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In HP match rifle is one big class made of divisions of skill level, marksman thru High Master. All bolt action and semi autos  match rifles are in one class but must have iron sights/aperture sights. Semi autos/bolt action with target scopes are in what is now called tactical match rifle class. High Master is the hardest class being avg score of 97% and higher. Carl Bernosky and David Tubb both have won the National HP matches each many times. Both are well above my skill level. Also David Tubb once used an SR 25 to win the nationals 10 or so years ago. There was at a time where a lot of people tried to make the Ar 10 Armilte into a match rifle, but they ran into so many problems and some could never figure out. Bolt stops breaking or feeding problems and accuracy issues. The word was out but people after seeing many others have problems didn't want to try it. Not many people shoot the AR 10 in HP because of it.  About 6 years ago my friend had an AR 10 Armilite match rifle built in 6X and he shot very good with it. Although he had issues with it, but he made it work well enough to start beating me at 600yds, I was shooting an AR 15 in 223 with 80g bullets. On wind changes he was usually inside what I had, an 8 ring vs his 10 or 9 ring. Like the Jones, I had to move up. But I wanted to try the DPMS AR 10 as a starting point. Maybe have less of a problem making it work. My 1st one was in a wildcat 6mm, a 243 resizing die cut off .250, a blown out 22-250 case. Also a little shorter than a 6X case. I had zero problems from the start, accuracy, no feeding issues, and bolt stop that never broke. Both my friend and I are broad across the chest so the larger Ar 10 didn't bother us as a person who is not broad across the chest. I used an A1 but stock to shorten the LOP by an inch which also helped a lot. He bought a custom adj but plate assy to shorten the LOP and adj cheek piece as well. Both my Ar 10 DPMS are all stock except for the armilite 2 stage trigger, Krieger Barrels. White Oak Arms has the ability to make longer gas tubes, drilling the hole moved fwd lowers gas pressure in the barrel and to accommodate the longer barrel. The reason for working on the gas rings is that I found that when the bolt/carrier group was clean or very few rounds fired it shot a lot better at 600yds. During a 80 round match and using H4350 powder the fouling builds up on the gas rings casuing the action to stick/bind up a little. This little bit of binding I believed was causing me to shoot high shots at 600 yds. More so to me to think it just wasn't me or a cartridge not loaded right. Once I lowered the gas ring drag to next to nothing the vertical displacement became smaller. Keeping the BCG well lubed with CLP on the rings and 80w oil on the rails of the carrier ensured the BCH was very slick unlocking when fired.  The hard part of doing this is hit and miss with the gas rings, to small the rifle would not function. So it took several gas rings over a period of time for each carrier to work. I mean each carrier as I have 3 match rifles. Buffer and buffer spring are stock DPMS items. The other part on accuracy is neck tension, the lower the better weigh all the cases for 600yds +/- .5 in weight. Powder charges all the same, spot on. then practice, practice, practice.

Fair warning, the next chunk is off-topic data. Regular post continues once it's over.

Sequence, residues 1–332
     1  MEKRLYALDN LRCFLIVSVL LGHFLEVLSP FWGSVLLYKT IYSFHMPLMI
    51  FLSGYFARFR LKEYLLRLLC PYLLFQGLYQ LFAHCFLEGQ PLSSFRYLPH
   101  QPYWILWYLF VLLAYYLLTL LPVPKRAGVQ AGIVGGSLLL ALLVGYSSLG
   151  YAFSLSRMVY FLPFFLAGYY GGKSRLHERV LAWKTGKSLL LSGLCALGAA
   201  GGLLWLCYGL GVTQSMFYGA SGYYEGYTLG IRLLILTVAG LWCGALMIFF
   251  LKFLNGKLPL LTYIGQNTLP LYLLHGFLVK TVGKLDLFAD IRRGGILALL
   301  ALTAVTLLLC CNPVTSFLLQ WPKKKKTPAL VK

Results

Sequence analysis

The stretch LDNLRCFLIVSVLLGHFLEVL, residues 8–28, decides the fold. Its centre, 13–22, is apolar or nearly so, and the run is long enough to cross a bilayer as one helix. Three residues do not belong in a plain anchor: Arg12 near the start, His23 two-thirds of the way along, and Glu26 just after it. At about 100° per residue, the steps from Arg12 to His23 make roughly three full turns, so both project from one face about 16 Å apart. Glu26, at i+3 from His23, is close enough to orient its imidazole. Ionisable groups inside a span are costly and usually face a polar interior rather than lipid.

Hope this answers some of your questions, I don't mind. I'm glad Ifound this form as it deals with AR 10's only. I'm sure armilte is a fine rifle, but my friend had issues dealing with them. Like getting the rifle to feed ammo, they would only talk about the issue only if he was using federal match ammo. So a wild cat round was nothing they wanted to deal with. Just my thoughts. Don't want anyone to think that I nick picked Armilite only, I know people had issues with their DPMS guns as well. Customer Service is what makes a good impression.